These bacteria and fungi might actually be good for us, but because they're getting to a place where they shouldn't be, it's causing an immune system reaction. And that's really what we're talking about when we're talking about leaky gut. This opening up of the tight junctions of the gut. Now what causes it? This is something that is very difficult to pinpoint because there's so many different things than can cause it, the first one is dysbiosis in the gut. So this is having too much bacteria of the wrong kind, having too much fungi or yeast, candida is often brought up, but really any type of imbalance in the microbiome can cause this. Medications, these are things like antibiotics, but also things like aspirin, right? Things that we don't even think about, or maybe a prescription that our doctor put us on is causing this.
Stress, and I'm not talking about stress like you accidentally got in an accident and you have a high amount of stress, but more chronic stress, things that you're feeling worked up about a lot, maybe stress at your job or stress with your kids. Things that have become chronic can lead to intestinal permeability. Food intolerance, this is one of the biggest ones that we see. So if you're eating something repeatedly that your body is reacting to, you can give yourself leaky gut. Toxins are another big one. So these are environmental things like pesticides, herbicides, things that we're spraying on our crops, chemicals that you're using in your personal care products even your tap water, if you have tap water that's contaminated, which I would really urge you to do a test on your local tap water and see what's in there, you might be shocked.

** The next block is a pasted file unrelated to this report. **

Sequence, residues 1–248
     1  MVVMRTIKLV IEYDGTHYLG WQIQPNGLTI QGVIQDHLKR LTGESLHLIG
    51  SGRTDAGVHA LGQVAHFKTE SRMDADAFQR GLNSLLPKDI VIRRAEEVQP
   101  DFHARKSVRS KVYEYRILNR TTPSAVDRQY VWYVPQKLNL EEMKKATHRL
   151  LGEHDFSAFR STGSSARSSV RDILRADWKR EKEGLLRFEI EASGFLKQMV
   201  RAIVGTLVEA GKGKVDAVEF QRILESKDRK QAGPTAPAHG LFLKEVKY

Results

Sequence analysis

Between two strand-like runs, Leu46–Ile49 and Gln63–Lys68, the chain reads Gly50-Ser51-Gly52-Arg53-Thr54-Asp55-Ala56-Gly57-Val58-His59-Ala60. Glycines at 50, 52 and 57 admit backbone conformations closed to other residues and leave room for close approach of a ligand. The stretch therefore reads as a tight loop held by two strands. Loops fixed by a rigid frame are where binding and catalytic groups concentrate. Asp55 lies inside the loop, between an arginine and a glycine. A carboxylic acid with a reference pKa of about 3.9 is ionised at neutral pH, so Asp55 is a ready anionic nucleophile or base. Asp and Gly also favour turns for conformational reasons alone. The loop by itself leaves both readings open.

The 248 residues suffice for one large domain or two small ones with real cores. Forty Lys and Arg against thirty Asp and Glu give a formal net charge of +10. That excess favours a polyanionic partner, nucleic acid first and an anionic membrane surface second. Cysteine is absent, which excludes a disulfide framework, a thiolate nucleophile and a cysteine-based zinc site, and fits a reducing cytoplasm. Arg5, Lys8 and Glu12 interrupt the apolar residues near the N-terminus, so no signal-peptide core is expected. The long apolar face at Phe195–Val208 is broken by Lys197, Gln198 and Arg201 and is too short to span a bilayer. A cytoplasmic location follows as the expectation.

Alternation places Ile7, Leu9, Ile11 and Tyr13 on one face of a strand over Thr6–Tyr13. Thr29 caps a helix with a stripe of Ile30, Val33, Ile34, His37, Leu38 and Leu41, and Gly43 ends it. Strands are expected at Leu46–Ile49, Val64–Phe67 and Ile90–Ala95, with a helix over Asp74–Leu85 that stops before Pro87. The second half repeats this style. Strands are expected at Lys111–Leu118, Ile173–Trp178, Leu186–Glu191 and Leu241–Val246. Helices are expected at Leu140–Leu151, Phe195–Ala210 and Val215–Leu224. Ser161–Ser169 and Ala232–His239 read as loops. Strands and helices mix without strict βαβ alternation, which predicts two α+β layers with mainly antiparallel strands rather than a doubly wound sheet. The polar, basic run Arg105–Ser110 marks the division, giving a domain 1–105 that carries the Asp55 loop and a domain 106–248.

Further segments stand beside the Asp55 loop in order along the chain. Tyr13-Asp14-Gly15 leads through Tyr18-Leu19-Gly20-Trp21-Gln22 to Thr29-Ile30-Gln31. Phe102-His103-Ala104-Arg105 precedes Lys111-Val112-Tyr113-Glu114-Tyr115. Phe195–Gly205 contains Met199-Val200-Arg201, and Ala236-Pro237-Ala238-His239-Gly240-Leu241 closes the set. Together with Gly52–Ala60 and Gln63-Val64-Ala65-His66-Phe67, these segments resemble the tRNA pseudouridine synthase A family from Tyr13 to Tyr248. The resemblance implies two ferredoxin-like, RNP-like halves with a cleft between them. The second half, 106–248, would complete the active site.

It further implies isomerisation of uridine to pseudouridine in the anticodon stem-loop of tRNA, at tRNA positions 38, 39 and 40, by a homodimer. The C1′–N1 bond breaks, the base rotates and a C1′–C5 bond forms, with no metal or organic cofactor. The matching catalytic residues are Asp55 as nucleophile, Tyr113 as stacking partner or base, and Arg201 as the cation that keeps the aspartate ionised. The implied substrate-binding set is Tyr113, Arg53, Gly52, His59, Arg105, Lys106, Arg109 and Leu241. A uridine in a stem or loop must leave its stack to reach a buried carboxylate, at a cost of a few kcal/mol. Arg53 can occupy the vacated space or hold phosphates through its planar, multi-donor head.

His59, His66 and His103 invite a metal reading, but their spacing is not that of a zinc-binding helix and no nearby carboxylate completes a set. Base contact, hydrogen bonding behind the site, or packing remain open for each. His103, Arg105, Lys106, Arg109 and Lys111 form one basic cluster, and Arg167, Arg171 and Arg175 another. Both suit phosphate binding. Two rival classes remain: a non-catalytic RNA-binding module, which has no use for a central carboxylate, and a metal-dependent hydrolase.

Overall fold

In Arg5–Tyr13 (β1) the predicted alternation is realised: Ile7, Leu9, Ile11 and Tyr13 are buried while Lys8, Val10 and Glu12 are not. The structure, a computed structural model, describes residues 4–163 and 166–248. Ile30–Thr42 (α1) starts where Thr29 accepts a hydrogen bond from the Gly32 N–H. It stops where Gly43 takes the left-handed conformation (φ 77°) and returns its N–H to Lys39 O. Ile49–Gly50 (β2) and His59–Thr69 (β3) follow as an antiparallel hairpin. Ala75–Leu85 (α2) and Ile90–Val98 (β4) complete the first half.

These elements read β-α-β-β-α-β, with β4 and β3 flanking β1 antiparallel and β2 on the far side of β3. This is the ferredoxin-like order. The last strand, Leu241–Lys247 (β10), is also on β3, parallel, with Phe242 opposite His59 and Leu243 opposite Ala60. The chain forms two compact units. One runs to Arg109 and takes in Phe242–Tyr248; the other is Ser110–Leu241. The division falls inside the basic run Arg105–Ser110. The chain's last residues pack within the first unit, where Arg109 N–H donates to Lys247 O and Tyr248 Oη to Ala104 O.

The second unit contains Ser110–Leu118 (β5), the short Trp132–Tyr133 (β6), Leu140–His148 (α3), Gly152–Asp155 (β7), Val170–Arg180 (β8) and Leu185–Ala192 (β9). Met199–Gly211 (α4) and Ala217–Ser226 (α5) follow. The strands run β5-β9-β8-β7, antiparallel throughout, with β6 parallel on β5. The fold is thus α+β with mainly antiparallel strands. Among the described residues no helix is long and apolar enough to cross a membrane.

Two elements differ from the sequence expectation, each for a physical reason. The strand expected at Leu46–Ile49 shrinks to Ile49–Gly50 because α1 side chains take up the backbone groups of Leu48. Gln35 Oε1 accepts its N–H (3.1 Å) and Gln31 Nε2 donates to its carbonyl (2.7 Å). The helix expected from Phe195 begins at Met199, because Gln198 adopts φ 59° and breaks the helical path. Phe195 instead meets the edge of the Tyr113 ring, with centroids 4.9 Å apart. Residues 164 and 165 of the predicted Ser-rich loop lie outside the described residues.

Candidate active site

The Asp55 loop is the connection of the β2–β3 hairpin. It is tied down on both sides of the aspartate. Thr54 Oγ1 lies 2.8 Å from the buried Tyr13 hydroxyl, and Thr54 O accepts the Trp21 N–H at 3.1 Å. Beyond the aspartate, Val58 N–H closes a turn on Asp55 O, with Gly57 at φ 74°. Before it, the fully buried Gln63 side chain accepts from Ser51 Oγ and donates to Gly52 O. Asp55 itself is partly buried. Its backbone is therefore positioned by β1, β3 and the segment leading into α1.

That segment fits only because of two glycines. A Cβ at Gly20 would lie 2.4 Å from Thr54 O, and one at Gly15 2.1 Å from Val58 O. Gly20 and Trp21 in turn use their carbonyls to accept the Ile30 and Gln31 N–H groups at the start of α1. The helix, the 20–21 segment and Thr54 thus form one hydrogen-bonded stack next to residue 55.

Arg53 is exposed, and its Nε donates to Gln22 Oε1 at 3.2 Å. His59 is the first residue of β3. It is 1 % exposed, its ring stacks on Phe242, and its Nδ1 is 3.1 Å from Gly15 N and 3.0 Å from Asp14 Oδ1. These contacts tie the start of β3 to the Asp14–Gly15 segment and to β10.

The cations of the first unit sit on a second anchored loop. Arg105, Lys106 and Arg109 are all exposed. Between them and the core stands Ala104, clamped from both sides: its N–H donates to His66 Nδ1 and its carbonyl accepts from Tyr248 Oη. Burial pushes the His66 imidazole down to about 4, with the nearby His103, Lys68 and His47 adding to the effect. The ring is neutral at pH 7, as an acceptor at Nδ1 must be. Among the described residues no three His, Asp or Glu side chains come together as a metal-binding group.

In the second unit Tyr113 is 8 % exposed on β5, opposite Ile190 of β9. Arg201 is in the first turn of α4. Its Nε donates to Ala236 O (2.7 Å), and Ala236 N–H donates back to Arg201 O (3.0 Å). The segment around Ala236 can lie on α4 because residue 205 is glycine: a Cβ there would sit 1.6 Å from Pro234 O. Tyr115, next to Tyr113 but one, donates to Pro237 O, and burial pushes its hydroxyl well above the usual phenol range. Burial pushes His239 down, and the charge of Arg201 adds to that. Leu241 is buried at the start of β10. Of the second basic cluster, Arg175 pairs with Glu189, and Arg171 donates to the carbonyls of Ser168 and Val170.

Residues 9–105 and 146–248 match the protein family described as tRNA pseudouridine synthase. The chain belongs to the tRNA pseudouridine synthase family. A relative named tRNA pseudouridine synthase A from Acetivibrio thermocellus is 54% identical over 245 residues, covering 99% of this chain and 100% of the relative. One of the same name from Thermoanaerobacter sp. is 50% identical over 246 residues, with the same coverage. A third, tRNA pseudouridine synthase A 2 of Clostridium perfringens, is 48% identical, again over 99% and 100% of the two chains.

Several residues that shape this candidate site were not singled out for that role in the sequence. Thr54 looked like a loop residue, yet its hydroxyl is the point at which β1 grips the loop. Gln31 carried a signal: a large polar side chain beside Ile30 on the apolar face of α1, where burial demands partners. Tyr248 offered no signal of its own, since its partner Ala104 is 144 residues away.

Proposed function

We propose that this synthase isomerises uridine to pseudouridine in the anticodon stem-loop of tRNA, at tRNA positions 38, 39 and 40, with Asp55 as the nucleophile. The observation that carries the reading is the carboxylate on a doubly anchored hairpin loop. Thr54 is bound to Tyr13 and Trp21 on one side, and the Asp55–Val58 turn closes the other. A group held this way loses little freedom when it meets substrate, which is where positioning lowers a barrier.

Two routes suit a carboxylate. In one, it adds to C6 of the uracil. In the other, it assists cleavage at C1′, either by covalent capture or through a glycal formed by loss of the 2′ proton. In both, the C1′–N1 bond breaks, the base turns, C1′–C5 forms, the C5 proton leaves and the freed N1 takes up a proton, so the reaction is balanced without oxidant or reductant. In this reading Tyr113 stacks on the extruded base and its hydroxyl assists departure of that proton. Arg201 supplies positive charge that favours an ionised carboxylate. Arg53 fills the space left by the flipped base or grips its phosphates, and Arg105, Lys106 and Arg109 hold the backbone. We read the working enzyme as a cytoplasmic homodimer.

But I always recommend that my clients use a water filter and something a little bit heavier hitting than a Brita. So something like a Berkey filter on their countertop, or if they're able to do a whole house filter, looking into some of those ones, Radiant Life makes a great whole house water filter. So these are all things that can cause leaky gut. And like I said, it can be difficult to pinpoint exactly which one might be going on. And it also might be a combination of all of these things or a few of these things that you're dealing with. So when we start to look at the conditions it causes, this is another reason that it's so difficult to pinpoint what's going on because it can literally run the gamut. Everything from digestive symptoms, diarrhea, gas, IBS, you can have worse allergies, seasonal allergies are a big sign of leaky gut.